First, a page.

Almost everyone has dreamt of hitting the lottery and played the “What would you do?” game. It’s fun to imagine hitting it big, and every year millions of Americans buy lottery tickets every week, leaving their pursuit of wealth up to fate.
Some, however, take their financial futures into their own hands and scour data, press releases and every crevice of the internet for a piece of information that may lead to riches. Netflix Inc. recently released “Eat The Rich,” a documentary outlining GameStop Corp.’s meteoric rise that made (and eventually cost) some early investors millions of dollars. Keith Gill, aka Roaring Kitty and DeepFuckingValue, is one of those that scoured every available datasheet for an investing edge. His success spawned similar stories with AMC Entertainment Holdings Inc., Dogecoin and Shiba Inu.
While meme stocks may be a trend born out of COVID-19 lockdowns, the search for hidden value is not. Recently, Atlis Motor Vehicles AMV served as a lottery ticket for some early investors. The company raised money on StartEngine, selling shares at 29 cents per share in 2018. It started trading on the Nasdaq Stock Market on Sept. 28, 2022, and its price at close on Oct. 26, 2022, was $14 per share.
Those that made the minimum investment of just 700 shares for $203 in 2018 would now be up 4727.59%.
Some investors may have made out even better. Shares of Atlis Motor Vehicles hit a high of $243.99 shortly after its public listing. Any early investors that sold at the high would have realized an 8,4034.5% gain.
That type of turnaround in just four short years is astounding, to be sure, but far from an anomaly. Recent advancements in tech and social media have allowed disruptive companies to build cult followings, raise a ton of money and afford ungodly profits to those who believed in the cause. Some of the most notable venture capital (VC) bets in history include:
WhatsApp Messenger: According to CB Insights, WhatsApp has maintained its position as the best and leading VC bet of all time. In 2011, Sequoia Capital, one of the largest VC firms in the world, invested $8 million in the nascent project, valued at $80 million. One unique feature in this VC bet was that Sequoia was the only investor in both Series A and Series B financing rounds. Sequoia’s original investment grew by $2.94 billion by the time Mark Zuckerberg’s (then Facebook) Meta Platforms Inc. acquired WhatsApp.
Snap Inc. SNAP: In May 2012, Lightspeed Venture Partners invested $480,000 for 82 million Snap shares. Benchmark Capital Partners paid over $13 million for 120 million shares in the Series A fundraiser. Benchmark’s investment had Matt Cohler and Mitch Lasky as its leadoff partners. These initial investments skyrocketed and were worth $3.2 billion and $2 billion, respectively, in 2017.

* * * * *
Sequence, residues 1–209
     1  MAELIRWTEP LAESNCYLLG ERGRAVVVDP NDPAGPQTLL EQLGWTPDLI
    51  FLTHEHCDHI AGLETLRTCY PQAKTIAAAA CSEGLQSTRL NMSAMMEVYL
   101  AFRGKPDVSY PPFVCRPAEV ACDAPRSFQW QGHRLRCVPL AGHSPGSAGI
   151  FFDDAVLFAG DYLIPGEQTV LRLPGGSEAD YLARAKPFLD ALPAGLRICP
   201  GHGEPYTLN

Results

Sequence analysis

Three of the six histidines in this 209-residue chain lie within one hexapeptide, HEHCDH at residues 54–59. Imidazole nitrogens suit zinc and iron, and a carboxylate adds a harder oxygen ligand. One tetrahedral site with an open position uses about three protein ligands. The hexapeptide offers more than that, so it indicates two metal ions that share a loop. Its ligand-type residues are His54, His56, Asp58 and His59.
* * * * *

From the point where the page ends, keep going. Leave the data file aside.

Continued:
Alibaba Group Holding Ltd. BABA: Japanese telecom giant Softbank Group Corp. was a key contributor to Alibaba’s success. Before the turn of the century, Softbank had already hit it big betting on the internet with Yahoo!. It bet big again with Alibaba with $20 million for 34% of the company in 2000. Softbank’s big payday would come 14 years later in 2014, when Alibaba sold $22 billion of stock, the biggest initial public offering (IPO) on record. While its IPO was initially valued over $165 billion, its public market debut saw a market cap of $231 billion for Alibaba, which put SoftBank’s value in the company at well over $60 billion.
LendingClub Corp. LC: From the time of Union Square Ventures’s Series D investment in 2011 to the time of LendingClub’s IPO in 2014, Lending Club scaled up its lending rate from $20 millio per month in originations to $500 million per month. In its IPO, it raised $870 million. This was a major contributing factor to the IPO jumping 56% on its first day of trading.
So, who’s next?
While it’s difficult to project, there are a couple good guesses. You could mimic billionaires Bill Gates investment firm Breakthrough Energy and invest in companies like Vantem, or you could search for companies that fit the mold of the 45 best VC bets of all time.
Candidates may arise from industries begging for disruptions. Pharmaceuticals already has billionaire Mark Cuban shaking things up with Cost Plus Drug Co., but so is TruBrain. TruBrain focuses on cognitive nutrition and has over $17 million in lifetime sales. It delivers patent-pending brain food designed by neuroscientists to enhance your memory, focus, sleep and more.
TruBrain is currently raising capital through a Regulation A offering on StartEngine with a share price of only 47 cents. Offering significant upside potential.
There is also room for even more disruption in the real estate market. Things have been shaken up by fractional investment platforms like the Jeff Bezos-backed Arrived Homes, but there may be even more untapped potential.
One way to capitalize on this may be with Rentberry. Rentberry created a platform that offers landlords and tenants a contact-free, transparent and automated means of renting properties and helps unfreeze millions of dollars tied up rental security deposits.
The company has already raised over $21 million from the top VC funds and recognized angel investors from Alphabet Inc.’s Google, McKinsey & Co., CBRE and Harvard Business School Alumni Angels. The company’s funding round on StartEngine is ending this week, meaning the opportunity to buy shares at just 87 cents is coming to an end soon.